SKI Sloan Kettering proto-oncoprotein Noi + - Shprintzen-Goldberg syndrome ARD, arterial tortuosity, pulmonary artery dilation, other (splenic) arterial aneurysm [72] Standard AD 182212
SLC2A10 Glucose transporter 10 Noj + - Arterial tortuosity syndrome ARD [73], ascending aortic aneurysm [73], other arterial aneurysm, arterial tortuosity, elongated arteries, aortic/pulmonary artery stenosis Standard AR 208050
SMAD2 SMAD2 No + - Unidentified CTD with arterial aneurysm/dissection ARD, ascending aortic aneurysm, vertebral/carotid aneurysm/dissection [74] Standard AD Unassigned
SMAD3 SMAD3 Partiallyk [75] + + LDS type 3 ARD, TAAD, early aortic dissection*, AAA, arterial tortuosity, other arterial aneurysm/dissection, IA, BAV [76, 77] 4.0-4.2 [10, 28] AD 613795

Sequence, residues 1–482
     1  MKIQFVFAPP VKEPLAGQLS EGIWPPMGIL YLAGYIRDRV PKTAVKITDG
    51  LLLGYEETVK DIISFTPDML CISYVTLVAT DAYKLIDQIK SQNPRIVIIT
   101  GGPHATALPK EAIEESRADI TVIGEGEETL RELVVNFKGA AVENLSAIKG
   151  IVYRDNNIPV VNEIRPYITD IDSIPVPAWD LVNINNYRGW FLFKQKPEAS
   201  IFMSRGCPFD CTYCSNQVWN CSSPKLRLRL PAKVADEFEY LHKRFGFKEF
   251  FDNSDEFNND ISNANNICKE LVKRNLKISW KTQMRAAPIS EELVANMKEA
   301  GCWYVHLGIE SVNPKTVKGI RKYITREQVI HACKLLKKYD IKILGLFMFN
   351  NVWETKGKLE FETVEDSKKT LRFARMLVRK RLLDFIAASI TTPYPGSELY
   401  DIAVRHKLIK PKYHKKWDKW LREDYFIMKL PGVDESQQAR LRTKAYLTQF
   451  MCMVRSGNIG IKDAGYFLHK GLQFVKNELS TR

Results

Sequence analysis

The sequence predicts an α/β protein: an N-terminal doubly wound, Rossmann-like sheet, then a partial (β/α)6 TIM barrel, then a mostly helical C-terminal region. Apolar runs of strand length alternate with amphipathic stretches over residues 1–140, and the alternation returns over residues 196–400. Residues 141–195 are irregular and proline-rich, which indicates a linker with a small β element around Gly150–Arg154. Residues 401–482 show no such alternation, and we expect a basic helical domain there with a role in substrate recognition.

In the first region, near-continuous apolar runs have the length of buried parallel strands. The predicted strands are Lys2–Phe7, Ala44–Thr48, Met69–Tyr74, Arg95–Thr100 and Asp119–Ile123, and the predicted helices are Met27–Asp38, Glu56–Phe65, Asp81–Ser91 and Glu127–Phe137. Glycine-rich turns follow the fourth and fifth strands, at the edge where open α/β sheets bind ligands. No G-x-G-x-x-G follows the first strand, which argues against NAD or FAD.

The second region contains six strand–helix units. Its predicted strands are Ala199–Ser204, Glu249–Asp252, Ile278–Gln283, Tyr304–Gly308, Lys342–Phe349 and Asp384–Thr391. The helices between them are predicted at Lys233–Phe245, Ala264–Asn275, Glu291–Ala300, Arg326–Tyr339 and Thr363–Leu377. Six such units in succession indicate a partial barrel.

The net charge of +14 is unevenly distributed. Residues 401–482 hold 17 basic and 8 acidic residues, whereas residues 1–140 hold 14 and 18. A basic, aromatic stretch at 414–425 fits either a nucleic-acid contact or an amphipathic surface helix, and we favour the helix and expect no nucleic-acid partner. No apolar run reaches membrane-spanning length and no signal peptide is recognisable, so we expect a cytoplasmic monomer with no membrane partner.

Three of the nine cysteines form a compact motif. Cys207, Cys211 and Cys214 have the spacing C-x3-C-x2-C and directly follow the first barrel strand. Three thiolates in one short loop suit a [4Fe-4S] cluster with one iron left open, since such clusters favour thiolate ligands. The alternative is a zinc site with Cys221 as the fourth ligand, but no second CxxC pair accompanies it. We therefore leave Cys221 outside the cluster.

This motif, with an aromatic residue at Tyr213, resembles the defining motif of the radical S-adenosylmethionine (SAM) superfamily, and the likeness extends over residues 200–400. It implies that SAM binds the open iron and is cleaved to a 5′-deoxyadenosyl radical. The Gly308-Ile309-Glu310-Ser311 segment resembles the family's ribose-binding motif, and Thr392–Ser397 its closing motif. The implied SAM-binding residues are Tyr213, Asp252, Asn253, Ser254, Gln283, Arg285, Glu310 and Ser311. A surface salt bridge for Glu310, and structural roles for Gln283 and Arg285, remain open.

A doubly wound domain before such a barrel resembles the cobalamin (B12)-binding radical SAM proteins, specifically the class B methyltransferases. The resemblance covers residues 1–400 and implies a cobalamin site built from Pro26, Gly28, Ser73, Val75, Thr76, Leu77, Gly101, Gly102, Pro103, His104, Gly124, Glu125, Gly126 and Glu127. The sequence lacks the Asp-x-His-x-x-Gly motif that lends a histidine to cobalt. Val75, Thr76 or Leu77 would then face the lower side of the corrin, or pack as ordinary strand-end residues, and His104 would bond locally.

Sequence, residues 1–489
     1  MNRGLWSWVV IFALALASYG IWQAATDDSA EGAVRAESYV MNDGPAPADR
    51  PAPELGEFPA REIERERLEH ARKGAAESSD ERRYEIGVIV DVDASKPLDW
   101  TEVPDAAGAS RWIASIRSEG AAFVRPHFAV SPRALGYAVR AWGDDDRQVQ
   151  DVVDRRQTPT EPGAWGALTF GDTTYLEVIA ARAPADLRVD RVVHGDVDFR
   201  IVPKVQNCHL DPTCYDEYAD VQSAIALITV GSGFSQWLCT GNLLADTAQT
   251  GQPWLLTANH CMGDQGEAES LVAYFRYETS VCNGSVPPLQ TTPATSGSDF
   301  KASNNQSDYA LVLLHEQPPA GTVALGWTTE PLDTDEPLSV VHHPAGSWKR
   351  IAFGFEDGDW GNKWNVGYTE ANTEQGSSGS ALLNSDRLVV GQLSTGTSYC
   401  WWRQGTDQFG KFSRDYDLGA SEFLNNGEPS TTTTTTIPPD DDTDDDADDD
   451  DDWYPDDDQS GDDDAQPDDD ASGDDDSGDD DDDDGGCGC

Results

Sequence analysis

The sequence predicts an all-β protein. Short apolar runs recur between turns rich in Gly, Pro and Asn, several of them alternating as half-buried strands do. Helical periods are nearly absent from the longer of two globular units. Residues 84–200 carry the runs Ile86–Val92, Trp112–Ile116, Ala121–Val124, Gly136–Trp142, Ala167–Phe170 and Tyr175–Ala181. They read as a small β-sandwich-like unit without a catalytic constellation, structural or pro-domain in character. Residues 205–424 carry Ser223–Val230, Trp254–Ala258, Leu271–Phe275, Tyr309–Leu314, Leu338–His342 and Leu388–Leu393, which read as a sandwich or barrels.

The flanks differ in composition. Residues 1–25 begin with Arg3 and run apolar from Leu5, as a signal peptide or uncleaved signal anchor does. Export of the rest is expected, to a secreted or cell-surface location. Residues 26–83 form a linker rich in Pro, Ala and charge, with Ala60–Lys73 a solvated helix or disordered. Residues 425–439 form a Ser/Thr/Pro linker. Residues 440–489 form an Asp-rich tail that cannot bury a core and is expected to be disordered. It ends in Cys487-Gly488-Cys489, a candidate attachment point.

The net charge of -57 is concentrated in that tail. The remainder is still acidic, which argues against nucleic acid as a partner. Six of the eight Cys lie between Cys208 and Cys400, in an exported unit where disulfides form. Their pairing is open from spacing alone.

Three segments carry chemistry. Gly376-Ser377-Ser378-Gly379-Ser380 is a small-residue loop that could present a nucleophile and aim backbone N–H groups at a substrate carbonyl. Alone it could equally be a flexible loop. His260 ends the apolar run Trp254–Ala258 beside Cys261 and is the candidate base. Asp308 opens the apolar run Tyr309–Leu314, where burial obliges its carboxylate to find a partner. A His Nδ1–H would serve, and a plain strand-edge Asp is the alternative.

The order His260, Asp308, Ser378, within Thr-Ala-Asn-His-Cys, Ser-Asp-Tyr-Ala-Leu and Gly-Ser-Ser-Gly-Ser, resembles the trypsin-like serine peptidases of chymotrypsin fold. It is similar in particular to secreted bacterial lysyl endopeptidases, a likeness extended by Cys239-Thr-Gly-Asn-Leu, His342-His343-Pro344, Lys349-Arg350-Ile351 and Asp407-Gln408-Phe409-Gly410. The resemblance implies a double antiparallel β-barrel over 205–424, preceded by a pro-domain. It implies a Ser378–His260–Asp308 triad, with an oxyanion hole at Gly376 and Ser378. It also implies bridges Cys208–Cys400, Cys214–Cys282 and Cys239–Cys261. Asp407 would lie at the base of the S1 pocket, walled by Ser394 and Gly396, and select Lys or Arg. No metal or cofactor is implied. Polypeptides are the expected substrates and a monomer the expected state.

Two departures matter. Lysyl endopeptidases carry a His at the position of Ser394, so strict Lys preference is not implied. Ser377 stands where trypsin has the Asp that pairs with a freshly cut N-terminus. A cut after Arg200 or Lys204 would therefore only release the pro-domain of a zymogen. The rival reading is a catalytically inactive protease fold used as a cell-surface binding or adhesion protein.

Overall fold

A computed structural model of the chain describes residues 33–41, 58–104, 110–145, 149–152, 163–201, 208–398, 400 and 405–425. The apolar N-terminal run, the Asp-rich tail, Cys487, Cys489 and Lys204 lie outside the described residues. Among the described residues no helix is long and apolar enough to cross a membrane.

SMAD4 SMAD4 Yes [78] + - JP/HHT syndrome ARD, TAAD, AVM, IA [79, 80] Standard AD 175050
TGFB2 TGF-β2 Yes [81] + + LDS type 4 ARD, TAAD, arterial tortuosity, other arterial aneurysm, BAV [81, 82] 4.5-5.0l [83] AD 614816
TGFB3 TGF-β3 Nom + - LDS type 5 ARD, TAAD, AAA/dissection, other arterial aneurysm, IA/dissection [84] Standard AD 615582
TGFBR1 TGF-β receptor type 1 Yes [85] + + LDS type 1 + AAT5 TAAD, early aortic dissection*, AAA, arterial tortuosity, other arterial aneurysm/dissection, IA, PDA, BAV [86] 4.0-4.5n [10, 26, 28] AD 609192
TGFBR2 TGF-β receptor type 2 Yes [78, 85] + + LDS type 2 + AAT3 TAAD, early aortic dissection*, AAA, arterial tortuosity, other arterial aneurysm/dissection, IA, PDA, BAV [86] 4.0-4.5n [10, 26, 28] AD 610168